Snails in Culture

Snails in Culture

Can you remember a land snail character? Inevitably it comes to mind Gary, the curious friend of Sponge Bob, but he is a marine snail.

Land snails have been present in various aspects of human culture, including legends, myths, films, books and graphic works. However, not only fictional snails are important, but also the anonymous ones that are part of the customs and traditions of a region.

One of the clearest examples of the latter is snail racing. Yes, you read well: in some countries, but mainly in the United Kingdom, there is an event each year in which, as if they were horses, people take their land snails and put them to compete in a race, on a circle track. Of course, the one who first reaches the goal wins.

Snail races may lack the relevance of other types of events, but they attract curious people from all over the world, and they have become a unique tradition in some places. One of the most famous is the World Snail Racing Championships, which is organized every year since the 1960s. It could seem that these events are boring or very long, but in reality, the usually slow competitors do not take more than a few minutes to cross the finish line.

To this day, the snail is a symbol of laziness, one of the capital sins of Christianity.

Snails in ancient cultures

In addition to its spiral shell, the slowness of the snail has made it stand out among other animals. These were known to the men of the ancient cultures, who began to attribute symbolisms related to snails. To this day, the snail is a symbol of laziness, one of the capital sins of Christianity.

In fact, the slowness of the snail has made it an animal frequently associated with inactivity, used as part of the metaphorical language. Although it is commonly called “turtle” to someone very slow in some places, in some other areas, also it is called “snail” to a person of slow movements, or that he walks like a “snail.”

On the other hand, the habits of land snails could be indicators of some events. Hesiod, a poet from ancient Greece, recorded that when snails climbed the stems of plants, it was harvest time.

Gastronomy is also part of our culture, and although eating land snails is not a widespread practice around the world, it is not as vilified as the consumption of other animals and has been carried out for several centuries. The ancient Romans made dishes with snails, and even the historian Pliny the Elder mentioned the existence of a farm where the owner raised land snails.

At present, the Giant African Snail (Achatina fulica) is part of some religious ceremonies in Brazil, where is an offering to the deity called Oxalá.

Land Snails in Art

From still life paintings to works of contemporary art, land snails have been present in various artistic disciplines. They had a prominent role in many works of Christian art, where they were considered a symbol of, in addition to laziness, sin, since it is an animal that does not try hard to get food because it eats almost anything organic on the floor. There was the belief also that they had been born from clay.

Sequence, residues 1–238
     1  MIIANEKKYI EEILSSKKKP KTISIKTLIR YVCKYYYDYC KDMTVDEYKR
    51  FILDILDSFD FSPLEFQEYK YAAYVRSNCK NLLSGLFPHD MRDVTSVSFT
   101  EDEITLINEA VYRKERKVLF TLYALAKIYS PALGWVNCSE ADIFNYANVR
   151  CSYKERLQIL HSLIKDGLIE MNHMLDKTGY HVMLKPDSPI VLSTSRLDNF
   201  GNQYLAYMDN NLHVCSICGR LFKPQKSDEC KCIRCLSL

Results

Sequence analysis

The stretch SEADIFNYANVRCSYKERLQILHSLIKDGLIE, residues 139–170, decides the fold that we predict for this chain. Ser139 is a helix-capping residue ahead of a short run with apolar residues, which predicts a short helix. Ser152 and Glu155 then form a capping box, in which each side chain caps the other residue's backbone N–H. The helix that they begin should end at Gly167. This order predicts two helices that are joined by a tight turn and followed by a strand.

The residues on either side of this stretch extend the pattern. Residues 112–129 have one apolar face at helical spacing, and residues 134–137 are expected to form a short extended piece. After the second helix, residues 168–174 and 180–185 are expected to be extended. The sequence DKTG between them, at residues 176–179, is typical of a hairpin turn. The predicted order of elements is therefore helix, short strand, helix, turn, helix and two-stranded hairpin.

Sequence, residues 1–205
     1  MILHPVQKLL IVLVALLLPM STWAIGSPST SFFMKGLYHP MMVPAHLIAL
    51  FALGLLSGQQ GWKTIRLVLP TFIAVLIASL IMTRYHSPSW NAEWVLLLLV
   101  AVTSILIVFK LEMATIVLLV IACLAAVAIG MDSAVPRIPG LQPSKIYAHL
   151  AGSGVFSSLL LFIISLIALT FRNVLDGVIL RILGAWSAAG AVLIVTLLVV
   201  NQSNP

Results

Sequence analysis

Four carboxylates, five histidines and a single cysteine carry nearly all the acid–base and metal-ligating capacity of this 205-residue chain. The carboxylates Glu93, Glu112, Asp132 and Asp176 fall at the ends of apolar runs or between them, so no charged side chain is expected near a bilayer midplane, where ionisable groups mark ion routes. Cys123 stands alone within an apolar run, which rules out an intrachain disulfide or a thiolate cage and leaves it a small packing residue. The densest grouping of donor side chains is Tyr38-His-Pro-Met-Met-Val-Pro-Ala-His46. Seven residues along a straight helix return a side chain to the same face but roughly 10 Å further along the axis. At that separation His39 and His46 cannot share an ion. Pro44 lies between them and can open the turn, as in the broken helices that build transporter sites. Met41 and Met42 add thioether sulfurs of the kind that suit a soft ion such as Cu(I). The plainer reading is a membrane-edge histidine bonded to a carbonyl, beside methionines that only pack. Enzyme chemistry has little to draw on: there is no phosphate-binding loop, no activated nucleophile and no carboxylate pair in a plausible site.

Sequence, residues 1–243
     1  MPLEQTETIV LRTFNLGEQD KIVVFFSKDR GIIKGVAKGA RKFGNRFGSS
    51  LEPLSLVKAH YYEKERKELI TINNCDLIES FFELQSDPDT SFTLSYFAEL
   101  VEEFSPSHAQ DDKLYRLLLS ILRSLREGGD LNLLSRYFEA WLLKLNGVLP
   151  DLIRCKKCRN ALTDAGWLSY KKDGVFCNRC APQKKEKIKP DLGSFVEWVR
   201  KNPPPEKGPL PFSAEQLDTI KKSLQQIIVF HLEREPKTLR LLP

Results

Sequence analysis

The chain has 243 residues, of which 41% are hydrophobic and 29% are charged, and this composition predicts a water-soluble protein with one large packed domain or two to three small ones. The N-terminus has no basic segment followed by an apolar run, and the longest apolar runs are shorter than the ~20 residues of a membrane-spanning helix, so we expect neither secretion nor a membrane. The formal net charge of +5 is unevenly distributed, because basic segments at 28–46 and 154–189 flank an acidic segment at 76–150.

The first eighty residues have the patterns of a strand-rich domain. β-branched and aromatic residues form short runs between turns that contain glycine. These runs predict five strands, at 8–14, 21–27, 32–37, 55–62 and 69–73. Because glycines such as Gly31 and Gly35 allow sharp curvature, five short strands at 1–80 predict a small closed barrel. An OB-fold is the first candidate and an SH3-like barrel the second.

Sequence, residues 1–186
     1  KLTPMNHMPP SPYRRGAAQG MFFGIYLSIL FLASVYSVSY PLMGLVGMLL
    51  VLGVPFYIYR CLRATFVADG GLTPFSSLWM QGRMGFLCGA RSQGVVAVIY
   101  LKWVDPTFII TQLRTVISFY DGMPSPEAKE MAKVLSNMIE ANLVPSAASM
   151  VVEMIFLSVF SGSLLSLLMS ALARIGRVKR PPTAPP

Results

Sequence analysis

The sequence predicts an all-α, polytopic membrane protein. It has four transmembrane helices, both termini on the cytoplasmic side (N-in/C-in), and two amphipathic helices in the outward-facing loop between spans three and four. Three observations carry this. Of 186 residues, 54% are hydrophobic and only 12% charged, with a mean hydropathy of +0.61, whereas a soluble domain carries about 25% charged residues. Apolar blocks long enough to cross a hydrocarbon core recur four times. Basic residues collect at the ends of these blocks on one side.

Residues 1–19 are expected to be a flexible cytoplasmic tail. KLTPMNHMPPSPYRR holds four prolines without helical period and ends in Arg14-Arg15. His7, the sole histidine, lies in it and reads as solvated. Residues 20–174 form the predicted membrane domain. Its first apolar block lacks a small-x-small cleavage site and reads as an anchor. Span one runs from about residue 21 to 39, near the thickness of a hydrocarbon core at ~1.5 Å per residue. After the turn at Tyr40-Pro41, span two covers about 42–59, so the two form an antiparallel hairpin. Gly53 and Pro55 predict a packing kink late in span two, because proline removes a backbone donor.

In the “Annunciation and Nativity,” by Francesco Del Cossa, and in “The Madonna with Child and Saints, by Carlo Crivelli, both Italian painters of the Renaissance, a snail is appreciated. In recent times, L’escargot (The snail), a work of Henri Matisse, stands out as one of the works made with paper clippings of the brilliant artist.

In literature, one of the best known is the snail that appears in “The Adventures of Pinocchio,” by Carlo Collodi, a snail that works for the Blue Fairy. The Spanish poet Felix Maria Samaniego in his fable “The butterfly and the snail” made the latter give a lesson of humility to a beautiful butterfly that despised him, with verses such as:

“If I did not know you,
(Answered the snail) in my conscience
May I tremble in your presence.
But tell me, miserable creature,
You just got out of the trash,
Can you deny that only four days ago you likely
As a humble reptile walk with me,
And I did honor you being your friend? “

One of the most recent films to use land snails is Turbo (2013), an animated film that features a gastropod called Turbo, obsessed with speed, who throws himself into an adventure in his dream to be the fastest. In The Secret Kingdom (Epic, 2013), another animated film, appears a snail called Grub that serves as the caretaker of Queen Tara. It is possible to mention that in the cinematographic version of 1984 of the “Endless Story” of Wolfgang Petersen and the novel of the same name of Michael Ende, a personage mounts a race caracol.

Do you remember more cases of snails in the culture?

The Aztec believed that the snail was the moon god

Besides the fact that the main contribution of snails to the culture of several civilizations is the inclusion in their cuisine, many cultures do not have a good concept about land snails because they are slow. Most people associate that nature with being lazy.

The Aztec believed that the snail was the moon god and the spiral of the shell represented the moon and its cycles. The snail was a symbol of time or transition.

Most of us are familiar with the works of psychologist Carl Jung. He often talked about interpreting thoughts and dreams. The analogy he refers to with snails is that the shell is the conscious thinking process and the soft part of a snail is the unconscious.

References in our language today to snails aren’t in good light. For example saying someone moves as the pace of a snail or that they are as slow as a snail.

Another use is when calling snail mail to sending a letter to the post office that takes days to arrive, instead of an E-Mail which allows us instant access.



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